Seven Must-read Opinions and Analyses on Brexit

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A woman carries an umbrella past a pub being used as a polling station for the Referendum on the European Union in London on June 23, 2016.
A woman carries an umbrella past a pub being used as a polling station for the Referendum on the European Union in London on June 23, 2016.Credit: Toby Melville, Reuters

Following months of heated debate, scaremongering and the killing of a British lawmaker in relation to Britain leaving the European Union, Britons headed out to vote on Thursday on their future relationship with Europe.

Haaretz has thoroughly covered the referendum over the past several months, presenting some Brexit pros and cons, what it means for the Jewish community, and, of course, how the vote's results are set to affect Israel.   

Voting to leave Europe is the most un-Jewish thing you can do, argues Anshel Pfeffer. It betrays the fortunate legacy of British Jews, he says, to hope that a Brexit will deny other refugees of war and dictatorship the sanctuary our great-grandparents received.

Ilan Baron similarily notes that Jews in Britain can only help build on a wider scale the kind of moral and political solidarity central to a centuries-old Diaspora Jewish identity by declaring commitment to Europe.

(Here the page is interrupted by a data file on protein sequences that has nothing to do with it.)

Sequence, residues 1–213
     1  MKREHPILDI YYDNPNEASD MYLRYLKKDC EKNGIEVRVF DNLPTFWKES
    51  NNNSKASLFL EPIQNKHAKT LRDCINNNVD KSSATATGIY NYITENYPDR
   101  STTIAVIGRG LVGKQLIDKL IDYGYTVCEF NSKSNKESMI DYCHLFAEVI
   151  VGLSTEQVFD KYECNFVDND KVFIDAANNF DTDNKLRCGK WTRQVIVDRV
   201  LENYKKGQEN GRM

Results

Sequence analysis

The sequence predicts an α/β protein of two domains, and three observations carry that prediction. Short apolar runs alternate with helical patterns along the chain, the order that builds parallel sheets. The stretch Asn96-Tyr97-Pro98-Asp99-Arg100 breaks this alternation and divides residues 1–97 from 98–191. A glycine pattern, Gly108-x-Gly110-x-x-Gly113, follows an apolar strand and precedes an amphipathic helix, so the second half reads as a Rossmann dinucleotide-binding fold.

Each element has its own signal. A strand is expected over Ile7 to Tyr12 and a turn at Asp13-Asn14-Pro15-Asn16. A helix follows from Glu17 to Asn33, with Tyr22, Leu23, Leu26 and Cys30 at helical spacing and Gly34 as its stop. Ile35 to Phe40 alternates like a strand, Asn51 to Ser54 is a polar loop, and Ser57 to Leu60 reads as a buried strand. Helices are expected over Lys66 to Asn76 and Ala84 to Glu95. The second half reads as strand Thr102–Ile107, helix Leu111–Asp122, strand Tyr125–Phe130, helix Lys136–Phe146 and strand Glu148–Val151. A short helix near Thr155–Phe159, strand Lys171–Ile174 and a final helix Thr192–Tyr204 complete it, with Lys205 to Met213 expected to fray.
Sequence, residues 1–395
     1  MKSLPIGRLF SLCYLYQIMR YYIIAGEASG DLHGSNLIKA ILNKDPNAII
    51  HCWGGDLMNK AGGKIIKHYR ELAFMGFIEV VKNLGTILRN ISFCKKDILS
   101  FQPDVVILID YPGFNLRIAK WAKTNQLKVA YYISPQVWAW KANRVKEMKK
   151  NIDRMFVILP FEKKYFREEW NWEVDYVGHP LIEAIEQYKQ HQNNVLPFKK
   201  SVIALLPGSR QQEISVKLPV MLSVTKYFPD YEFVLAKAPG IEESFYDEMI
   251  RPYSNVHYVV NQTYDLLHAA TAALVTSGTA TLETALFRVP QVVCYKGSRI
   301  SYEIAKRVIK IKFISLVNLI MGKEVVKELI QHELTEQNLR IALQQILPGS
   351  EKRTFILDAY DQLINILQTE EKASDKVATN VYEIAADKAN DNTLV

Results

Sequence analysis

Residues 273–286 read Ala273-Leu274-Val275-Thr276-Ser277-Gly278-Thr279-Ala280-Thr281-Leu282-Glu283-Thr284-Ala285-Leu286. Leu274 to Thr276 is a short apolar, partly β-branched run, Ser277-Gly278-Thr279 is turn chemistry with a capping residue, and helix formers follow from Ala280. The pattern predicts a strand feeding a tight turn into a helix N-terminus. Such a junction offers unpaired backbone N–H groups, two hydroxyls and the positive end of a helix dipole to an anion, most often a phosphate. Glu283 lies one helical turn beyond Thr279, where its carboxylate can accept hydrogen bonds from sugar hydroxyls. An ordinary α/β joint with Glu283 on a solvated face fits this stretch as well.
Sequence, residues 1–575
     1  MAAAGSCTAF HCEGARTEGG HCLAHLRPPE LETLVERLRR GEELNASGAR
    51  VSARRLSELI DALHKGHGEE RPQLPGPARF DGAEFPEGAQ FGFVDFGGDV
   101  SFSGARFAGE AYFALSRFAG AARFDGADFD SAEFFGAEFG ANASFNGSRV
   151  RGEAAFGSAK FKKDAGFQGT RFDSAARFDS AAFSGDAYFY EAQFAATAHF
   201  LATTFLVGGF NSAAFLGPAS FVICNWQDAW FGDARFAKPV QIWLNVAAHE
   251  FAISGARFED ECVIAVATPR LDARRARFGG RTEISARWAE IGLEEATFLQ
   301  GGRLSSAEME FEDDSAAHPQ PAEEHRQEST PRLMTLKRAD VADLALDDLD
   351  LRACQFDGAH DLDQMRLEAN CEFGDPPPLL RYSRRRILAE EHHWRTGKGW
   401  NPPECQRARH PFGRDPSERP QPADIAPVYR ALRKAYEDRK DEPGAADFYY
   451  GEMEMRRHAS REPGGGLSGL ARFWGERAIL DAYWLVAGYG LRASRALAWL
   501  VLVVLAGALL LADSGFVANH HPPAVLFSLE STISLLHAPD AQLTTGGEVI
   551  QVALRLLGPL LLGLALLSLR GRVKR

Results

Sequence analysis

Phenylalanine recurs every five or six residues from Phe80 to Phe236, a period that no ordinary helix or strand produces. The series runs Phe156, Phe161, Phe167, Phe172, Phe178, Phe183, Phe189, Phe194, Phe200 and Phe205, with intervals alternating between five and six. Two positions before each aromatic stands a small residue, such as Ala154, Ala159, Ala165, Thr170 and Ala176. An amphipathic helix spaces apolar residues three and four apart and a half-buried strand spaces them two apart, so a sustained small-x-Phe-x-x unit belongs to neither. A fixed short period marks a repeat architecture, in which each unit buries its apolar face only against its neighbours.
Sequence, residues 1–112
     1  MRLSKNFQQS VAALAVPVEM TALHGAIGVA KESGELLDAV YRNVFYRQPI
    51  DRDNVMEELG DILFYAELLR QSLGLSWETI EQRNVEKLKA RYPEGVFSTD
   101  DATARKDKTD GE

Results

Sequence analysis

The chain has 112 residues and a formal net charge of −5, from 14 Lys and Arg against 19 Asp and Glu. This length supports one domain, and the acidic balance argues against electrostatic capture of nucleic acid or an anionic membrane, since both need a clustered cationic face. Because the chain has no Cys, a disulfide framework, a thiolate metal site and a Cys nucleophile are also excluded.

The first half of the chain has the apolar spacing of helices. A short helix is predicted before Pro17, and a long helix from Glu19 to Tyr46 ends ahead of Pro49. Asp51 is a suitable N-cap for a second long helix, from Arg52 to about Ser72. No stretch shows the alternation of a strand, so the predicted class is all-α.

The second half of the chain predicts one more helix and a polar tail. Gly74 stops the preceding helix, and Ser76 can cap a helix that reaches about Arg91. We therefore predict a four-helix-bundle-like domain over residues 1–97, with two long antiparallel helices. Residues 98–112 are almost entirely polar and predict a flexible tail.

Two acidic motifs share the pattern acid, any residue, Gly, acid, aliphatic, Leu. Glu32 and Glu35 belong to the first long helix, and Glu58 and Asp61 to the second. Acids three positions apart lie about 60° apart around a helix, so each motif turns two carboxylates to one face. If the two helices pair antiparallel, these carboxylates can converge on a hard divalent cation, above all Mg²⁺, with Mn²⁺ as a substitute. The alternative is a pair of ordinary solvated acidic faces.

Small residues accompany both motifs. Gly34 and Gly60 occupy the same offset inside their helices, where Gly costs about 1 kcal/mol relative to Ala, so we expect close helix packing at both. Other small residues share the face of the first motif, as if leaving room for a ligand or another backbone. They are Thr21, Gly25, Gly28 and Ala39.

Mudassar Ahmed says the Jewish community isn’t the only one that must support staying in the EU. A win by the anti-EU Brexit campaign, already riddled with anti-Muslim bigotry, he notes, would not only boost but legitimate xenophobic sentiments against minorities in the U.K. and across Europe.

The "Leave" camp, however, sees things quite differently. Amiel Ungar argues that the EU deserves to crumble, saying that it’s not the EU’s self-perpetuating elites that are Europe’s last defense against totalitarianism, but that their disdain for public opinion is more likely to feed fascism.

And despite the Brexit vote being a primarily European concern, Israel too has made it into the debate. Read Seth Lipsky's op-ed on why Brexit's big lie is that voting "Leave" is bad for Israel.

Jacques Lafitte and Denis MacShane, however, argue that a British exit from the EU should worry Israel. They argue that a Britain outside the EU means Israel will lose an important insider voice and critical traction in the shifting and sometimes hostile EU debates about what policies to adopt toward Israel.

Azriel Bermant also notes that while many in Israel would experience schadenfreude at the sight of a weakened Europe, this would be short-sighted. Read his opinion on what's at stake for Israel if Britain leaves the EU.


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